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A Lifetime of Advice

Alumnae News


Published December 9, 2020

I teach at a school like Smith (albeit co-ed), and, even though the alumni and trustees are generally supportive of the liberal arts, sometimes we faculty need to remind the powers that be that students are not customers, that education is not a product.

One reason the analogy doesn’t work is that even an extended warranty on a refrigerator eventually runs out; the guarantees of a college degree don’t. One permanent warranty is the relationship between advisers and alumni. I correspond with many alumni: I read and comment on their manuscripts; I meet with their children on college tours—I’ve taught many of them. I still write letters of recommendation for alumni from as long ago as the 1980s.

My own infinite warranty was with my late adviser, Frank Ellis, Mary Augusta Jordan Professor of English (1916–2007). Frank and his wife, Connie, modeled grown-up life for me. I set out for Spain with the Smith Glee Club in 1973 armed with Frank’s own Blue Guide. Frank inspired me to seek an academic career in his field, poetry and satire of the 18th century. He came to my wedding at Helen Hills Hills Chapel—and gave me an original printing of Alexander Pope’s satirical verse epistle “Of the Characters of Women,” bound in leather.

I attended graduate school, as Frank had, at Yale; he gave me a summer job at the Yale Editions of the Private Papers of James Boswell. And he wrote (yes) letters of recommendation and of support for my tenure and promotion cases. I visited Frank and Connie often over the years, not only during Reunions.

When I was shocked to find that my husband of 30 years had “met someone else,” I wrote a few friends (longhand, as I do) trying to work through my sense of betrayal. Immediately on receiving the letter, Frank called. (Our correspondence had always been by mail, typed [on Frank’s side] on Corrasable Bond.) “Debbie, this is Frank Ellis. I have two things to tell you.”

This was my adviser talking: startled, I picked up a pencil.

“First, get as much money as you can.”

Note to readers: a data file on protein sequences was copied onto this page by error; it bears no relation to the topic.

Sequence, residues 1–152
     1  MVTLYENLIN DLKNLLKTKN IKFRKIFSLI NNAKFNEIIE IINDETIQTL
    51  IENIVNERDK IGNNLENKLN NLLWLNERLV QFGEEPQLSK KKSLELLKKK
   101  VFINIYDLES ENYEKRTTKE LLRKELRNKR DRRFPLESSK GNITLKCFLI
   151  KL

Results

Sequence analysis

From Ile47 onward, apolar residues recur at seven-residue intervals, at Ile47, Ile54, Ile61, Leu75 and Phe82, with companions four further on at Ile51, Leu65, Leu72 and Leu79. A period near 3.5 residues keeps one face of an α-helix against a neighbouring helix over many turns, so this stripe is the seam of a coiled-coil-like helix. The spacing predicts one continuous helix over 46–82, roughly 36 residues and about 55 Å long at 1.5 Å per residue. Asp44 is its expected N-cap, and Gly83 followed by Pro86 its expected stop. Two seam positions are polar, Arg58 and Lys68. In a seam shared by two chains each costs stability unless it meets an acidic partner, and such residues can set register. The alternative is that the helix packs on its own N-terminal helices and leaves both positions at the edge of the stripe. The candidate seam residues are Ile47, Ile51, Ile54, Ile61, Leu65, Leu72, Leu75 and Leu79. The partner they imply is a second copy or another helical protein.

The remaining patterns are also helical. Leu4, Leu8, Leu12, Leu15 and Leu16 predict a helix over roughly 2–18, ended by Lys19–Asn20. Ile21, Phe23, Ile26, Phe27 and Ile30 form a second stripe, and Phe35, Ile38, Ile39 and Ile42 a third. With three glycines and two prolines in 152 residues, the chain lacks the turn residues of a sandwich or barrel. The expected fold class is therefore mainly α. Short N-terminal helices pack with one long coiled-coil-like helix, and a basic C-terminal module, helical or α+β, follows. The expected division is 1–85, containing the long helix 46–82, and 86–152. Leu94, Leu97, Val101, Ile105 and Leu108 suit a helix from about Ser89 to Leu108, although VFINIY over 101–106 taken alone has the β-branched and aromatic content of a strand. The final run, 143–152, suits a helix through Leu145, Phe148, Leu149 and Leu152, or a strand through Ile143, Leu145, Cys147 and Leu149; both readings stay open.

I put the pencil down.

“I had already thought of that, Frank.”

“Second, you must remarry at once.”

I just started laughing. One thing that had seemed clear to me was that I was alone now, with my children away at school, and that I’d stay that way. For one thing, I live in a village of about 3,000 people; meeting someone seemed a preposterous idea. (Besides, what did Frank know of divorce? He had been devoted to Connie throughout their long marriage until her death.)

“Couldn’t you meet a nice guy in the French department?”

“Well, several of them are single—and gay.”

“I hadn’t thought of that. But you don’t want to be a lonely, bitter woman. Take my advice.”

As ever, I took Frank’s advice; it was the first time I heard the word “remarry,” and he actually made me think about it.

I’ve just celebrated my 16th anniversary with someone I had never thought to look for—until Frank’s call. Frank couldn’t make it to the wedding, but sent a card: “I’m so happy, I could purr.”

The unbounded relationship between Smith alumnae and their advisers is a model I try to follow with my own students, another reason why Smith is the best thing that ever happened to me.

Deborah Knuth Klenck ’74 recently became professor emerita at Colgate University, where she taught British poetry and prose of the 18th and early 19th centuries for 42 years.

This story appears in the Winter 2020-21 issue of the Smith Alumnae Quarterly.


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Illustration by Ellen Weinstein